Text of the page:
New Shorecrest Teachers Amidst COVID

By: Athena Smith

If you’ve been at Shorecrest since the 2019-2020 school year, you probably remember Don Paige’s infamous talk in the theater. To the Upper School, he explained the probable chance that Shorecrest would shut down due to COVID-19. Being the naive sophomore I was, I didn’t take that possibility as seriously as I should have. Now, I doubt I’ll ever be able to forget March 13, 2020. 

For the rest of the school year, we conducted our learning online. The situation was totally unprecedented, so every new change we made was implemented for the first time ever and at a rapid pace. I think it’s unquestionable that Don Paige, Nurse Conroy, and the rest of our community weathered that problem extremely well. School initially closed 612 days ago, and since then, life at Shorecrest has undergone a number of changes. In-person school has returned, and many people have come off of Flex Learning. Vaccines are widely available and received among the Shorecrest community. Although we still wear masks, socially distance, and remain conscious of COVID-19, we’ve come a long way in facing this unexpected adjustment. 

A specific subset of our community has a unique perspective on life here since the pandemic: faculty who have joined since COVID hit. I was curious about how they’ve adapted to COVID and the measures Shorecrest takes against it, as well as what it’s been like to join us at such an unusual time. Brian Potter-Racine, Chair of the Science Department and a physics teacher who joined our community this year, said that “Given that the current academic year began post-vaccination, adapting to teaching at Shorecrest has been little more than adapting to wearing a mask indoors.” He had been doing this at his previous job, so it required almost no adjustment to continue this practice at Shorecrest. “Teaching students who have been quarantined at home has been more of an adjustment,” he added, “because of not having used Webex before in this capacity.” Potter-Racine described how he has “some reservations about the possibility that COVID measures might be removed during the spring semester,” a subject which he says he’s sure is “being weighed heavily by the task force.”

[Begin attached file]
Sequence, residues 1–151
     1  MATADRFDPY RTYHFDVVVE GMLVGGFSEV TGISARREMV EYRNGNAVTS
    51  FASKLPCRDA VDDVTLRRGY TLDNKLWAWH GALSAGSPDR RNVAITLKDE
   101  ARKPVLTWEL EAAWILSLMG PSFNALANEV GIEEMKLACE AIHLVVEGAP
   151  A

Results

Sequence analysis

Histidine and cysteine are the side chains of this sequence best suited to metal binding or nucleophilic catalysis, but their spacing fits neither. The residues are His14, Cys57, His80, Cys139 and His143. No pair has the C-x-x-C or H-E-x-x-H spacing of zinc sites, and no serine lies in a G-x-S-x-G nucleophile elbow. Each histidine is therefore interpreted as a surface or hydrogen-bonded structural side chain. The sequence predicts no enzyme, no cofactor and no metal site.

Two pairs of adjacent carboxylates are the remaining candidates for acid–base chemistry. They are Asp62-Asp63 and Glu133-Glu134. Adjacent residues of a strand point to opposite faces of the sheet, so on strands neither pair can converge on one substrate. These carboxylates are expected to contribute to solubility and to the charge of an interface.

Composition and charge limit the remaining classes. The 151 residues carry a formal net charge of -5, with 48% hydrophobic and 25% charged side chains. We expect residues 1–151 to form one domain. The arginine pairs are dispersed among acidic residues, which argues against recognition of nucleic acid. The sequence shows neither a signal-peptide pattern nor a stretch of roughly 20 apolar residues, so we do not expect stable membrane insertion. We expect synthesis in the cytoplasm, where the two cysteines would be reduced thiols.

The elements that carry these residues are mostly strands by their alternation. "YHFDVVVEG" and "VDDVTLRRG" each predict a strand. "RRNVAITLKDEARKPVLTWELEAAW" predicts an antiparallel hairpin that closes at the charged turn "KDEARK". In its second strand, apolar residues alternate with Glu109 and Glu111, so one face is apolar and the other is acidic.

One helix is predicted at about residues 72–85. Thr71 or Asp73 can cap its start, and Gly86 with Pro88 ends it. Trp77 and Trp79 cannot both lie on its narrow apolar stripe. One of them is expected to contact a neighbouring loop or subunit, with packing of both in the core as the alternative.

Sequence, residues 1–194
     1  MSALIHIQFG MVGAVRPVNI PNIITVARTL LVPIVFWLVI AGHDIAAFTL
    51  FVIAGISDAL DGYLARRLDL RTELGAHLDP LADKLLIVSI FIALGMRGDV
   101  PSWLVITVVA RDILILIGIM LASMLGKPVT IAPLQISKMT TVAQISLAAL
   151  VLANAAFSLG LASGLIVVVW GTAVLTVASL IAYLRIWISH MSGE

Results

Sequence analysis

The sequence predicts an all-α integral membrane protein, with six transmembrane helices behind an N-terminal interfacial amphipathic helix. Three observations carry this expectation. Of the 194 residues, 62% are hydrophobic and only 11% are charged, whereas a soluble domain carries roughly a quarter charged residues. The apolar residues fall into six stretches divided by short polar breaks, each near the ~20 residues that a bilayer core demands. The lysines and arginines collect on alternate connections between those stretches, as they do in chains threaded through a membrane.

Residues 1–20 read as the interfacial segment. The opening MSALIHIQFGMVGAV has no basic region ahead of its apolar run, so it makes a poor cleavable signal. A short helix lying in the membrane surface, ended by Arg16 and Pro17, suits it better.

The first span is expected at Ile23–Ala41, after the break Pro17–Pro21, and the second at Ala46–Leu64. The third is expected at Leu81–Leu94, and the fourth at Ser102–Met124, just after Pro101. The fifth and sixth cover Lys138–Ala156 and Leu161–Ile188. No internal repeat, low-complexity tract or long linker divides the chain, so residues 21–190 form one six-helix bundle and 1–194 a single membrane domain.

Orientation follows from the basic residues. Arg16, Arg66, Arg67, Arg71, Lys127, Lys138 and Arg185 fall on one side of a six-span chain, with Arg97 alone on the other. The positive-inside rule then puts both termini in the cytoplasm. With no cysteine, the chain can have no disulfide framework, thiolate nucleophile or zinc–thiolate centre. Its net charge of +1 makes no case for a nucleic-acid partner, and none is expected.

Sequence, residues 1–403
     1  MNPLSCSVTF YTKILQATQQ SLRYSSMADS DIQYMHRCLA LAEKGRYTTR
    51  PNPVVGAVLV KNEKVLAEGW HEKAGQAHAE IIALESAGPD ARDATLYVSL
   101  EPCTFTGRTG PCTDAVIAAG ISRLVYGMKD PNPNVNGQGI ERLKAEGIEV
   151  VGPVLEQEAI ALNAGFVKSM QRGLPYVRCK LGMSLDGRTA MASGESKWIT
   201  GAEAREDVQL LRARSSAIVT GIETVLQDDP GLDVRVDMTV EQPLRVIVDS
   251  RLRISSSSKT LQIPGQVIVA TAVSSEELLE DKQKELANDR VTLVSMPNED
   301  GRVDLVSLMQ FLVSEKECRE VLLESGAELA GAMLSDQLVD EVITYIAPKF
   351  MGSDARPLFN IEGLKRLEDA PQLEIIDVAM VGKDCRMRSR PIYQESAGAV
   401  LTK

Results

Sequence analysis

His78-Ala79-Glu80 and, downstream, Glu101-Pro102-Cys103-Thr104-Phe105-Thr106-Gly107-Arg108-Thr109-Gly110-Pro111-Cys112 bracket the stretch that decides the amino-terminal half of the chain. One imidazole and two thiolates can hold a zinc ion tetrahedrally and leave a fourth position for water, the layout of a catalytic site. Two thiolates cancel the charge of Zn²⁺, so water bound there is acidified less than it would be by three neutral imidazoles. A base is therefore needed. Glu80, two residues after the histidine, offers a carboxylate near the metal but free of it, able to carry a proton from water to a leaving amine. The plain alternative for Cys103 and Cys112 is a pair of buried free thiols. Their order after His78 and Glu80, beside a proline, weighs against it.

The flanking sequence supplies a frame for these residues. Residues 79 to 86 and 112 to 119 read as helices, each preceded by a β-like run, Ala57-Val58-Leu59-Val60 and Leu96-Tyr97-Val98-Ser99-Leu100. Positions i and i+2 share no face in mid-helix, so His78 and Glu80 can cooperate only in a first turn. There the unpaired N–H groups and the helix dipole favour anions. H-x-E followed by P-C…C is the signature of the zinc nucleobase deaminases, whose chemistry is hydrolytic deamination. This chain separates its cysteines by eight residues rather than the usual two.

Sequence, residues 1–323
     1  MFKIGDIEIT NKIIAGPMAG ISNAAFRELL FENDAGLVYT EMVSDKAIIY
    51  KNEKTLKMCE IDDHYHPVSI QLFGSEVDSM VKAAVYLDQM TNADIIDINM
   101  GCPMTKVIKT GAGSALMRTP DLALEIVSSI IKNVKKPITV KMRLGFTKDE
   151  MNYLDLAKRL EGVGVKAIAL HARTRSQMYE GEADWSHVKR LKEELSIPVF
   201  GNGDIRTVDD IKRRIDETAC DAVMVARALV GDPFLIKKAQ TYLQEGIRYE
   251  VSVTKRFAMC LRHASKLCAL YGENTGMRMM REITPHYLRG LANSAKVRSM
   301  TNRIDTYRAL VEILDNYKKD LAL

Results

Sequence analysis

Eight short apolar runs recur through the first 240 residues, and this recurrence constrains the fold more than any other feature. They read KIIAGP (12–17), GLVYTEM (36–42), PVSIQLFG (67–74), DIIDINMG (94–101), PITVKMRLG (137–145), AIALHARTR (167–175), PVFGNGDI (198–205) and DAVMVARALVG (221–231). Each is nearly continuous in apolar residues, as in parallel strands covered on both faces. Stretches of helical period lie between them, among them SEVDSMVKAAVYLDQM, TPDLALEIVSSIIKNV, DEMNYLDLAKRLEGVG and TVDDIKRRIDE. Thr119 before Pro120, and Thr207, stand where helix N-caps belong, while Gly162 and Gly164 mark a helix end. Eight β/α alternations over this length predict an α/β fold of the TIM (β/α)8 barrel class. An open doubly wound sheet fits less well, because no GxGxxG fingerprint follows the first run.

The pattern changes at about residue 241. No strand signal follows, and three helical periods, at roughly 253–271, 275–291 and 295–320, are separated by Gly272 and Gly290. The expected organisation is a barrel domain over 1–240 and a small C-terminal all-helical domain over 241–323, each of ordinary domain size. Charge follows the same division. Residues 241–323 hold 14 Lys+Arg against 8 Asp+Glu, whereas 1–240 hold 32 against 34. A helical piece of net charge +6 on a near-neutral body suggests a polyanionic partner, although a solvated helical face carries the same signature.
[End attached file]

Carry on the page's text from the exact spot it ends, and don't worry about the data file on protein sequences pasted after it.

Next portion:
“The most difficult part of starting a new teaching job during COVID was the inability to see the faces of my students, colleagues and vice versa,” said Kayla Brazee, a history teacher in the Upper School who began last year. “I didn’t know them, so not being able to see one another’s reactions, smiles, emotions, etc. was very hard.” Brazee said this became much easier with time. She appreciates how “the faculty all work together to remind students to keep their masks in place,” and she has a positive outlook on many of the results of the adjustments the pandemic created, saying it encouraged her to think outside the box when it came to her teaching. “At this point,” she said, “I feel like I could handle most any teaching situation that is thrown my way.” Brazee also noted that at Shorecrest, there’s “an ample amount of outdoor space to utilize,” and that “we’re in a climate that is pleasant most of the year.” This is conducive toward slowing the spread of the virus and gives the school a way to still hold larger group events, such as Homecoming or Commencement, which are essential parts of the high school experience.  

Natalie Updike, an English teacher in the Upper School, described that her “first year at Shorecrest was also the first year of the flex learning program for the 2020-2021 school year….I appreciate how seriously Shorecrest took and is still taking the pandemic,” she said, “but of my decade of teaching experience, last year was definitely the most difficult one I’ve ever lived through.” She feels as though she’s still transitioning from her change in schools, and that COVID robbed her of “some of the joyous moments within a typical job experience.” Shorecrest’s mask policy is one of the biggest reliefs to her as a teacher. “I am glad we’re following the way of factual science,” she reflected. Within this experience overall, she believes that there has been “a level of kindness and gratitude that we should keep following post-COVID, whenever that may be.”

It’s difficult to predict exactly where the spring semester will take our community, but we’ve certainly made it this far. The perspectives of new faculty are hopeful and reflect the rationality and efficacy of the measures Shorecrest is taking at present. Whatever challenges or successes we’ll find on our journey to coming out of this pandemic will improve the resilience and resourcefulness of our community far into the future, allowing us to take on whatever else comes our way.

Curious about Shorecrest’s COVID policies? Here’s our COVID Handbook.

(Photo: Public Domain)

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